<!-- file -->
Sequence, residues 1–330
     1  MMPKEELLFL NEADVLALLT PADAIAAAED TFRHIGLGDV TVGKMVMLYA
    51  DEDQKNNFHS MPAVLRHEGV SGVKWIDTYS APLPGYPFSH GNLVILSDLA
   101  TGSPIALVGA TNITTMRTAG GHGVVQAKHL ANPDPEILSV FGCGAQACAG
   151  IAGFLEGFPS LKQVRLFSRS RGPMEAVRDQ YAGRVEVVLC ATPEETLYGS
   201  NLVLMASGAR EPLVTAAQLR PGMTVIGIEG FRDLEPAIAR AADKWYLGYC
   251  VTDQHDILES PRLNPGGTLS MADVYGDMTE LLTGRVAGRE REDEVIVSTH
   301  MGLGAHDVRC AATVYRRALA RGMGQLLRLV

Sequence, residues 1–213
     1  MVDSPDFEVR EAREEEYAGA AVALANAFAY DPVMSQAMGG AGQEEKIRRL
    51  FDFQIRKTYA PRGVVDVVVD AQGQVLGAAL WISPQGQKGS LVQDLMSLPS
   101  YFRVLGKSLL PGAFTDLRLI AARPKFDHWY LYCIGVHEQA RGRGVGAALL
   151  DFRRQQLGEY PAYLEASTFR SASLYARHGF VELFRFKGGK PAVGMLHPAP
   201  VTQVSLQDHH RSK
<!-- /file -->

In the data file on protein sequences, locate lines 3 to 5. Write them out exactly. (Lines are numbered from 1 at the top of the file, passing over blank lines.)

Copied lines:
    51  DEDQKNNFHS MPAVLRHEGV SGVKWIDTYS APLPGYPFSH GNLVILSDLA
   101  TGSPIALVGA TNITTMRTAG GHGVVQAKHL ANPDPEILSV FGCGAQACAG
   151  IAGFLEGFPS LKQVRLFSRS RGPMEAVRDQ YAGRVEVVLC ATPEETLYGS